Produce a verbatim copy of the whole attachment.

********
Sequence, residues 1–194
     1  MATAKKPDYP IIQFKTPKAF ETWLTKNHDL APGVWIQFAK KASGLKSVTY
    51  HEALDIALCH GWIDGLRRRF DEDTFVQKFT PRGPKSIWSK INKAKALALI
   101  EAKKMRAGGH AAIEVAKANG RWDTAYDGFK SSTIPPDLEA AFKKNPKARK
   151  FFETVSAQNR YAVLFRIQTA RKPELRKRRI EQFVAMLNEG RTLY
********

Sequence, residues 1–194
     1  MATAKKPDYP IIQFKTPKAF ETWLTKNHDL APGVWIQFAK KASGLKSVTY
    51  HEALDIALCH GWIDGLRRRF DEDTFVQKFT PRGPKSIWSK INKAKALALI
   101  EAKKMRAGGH AAIEVAKANG RWDTAYDGFK SSTIPPDLEA AFKKNPKARK
   151  FFETVSAQNR YAVLFRIQTA RKPELRKRRI EQFVAMLNEG RTLY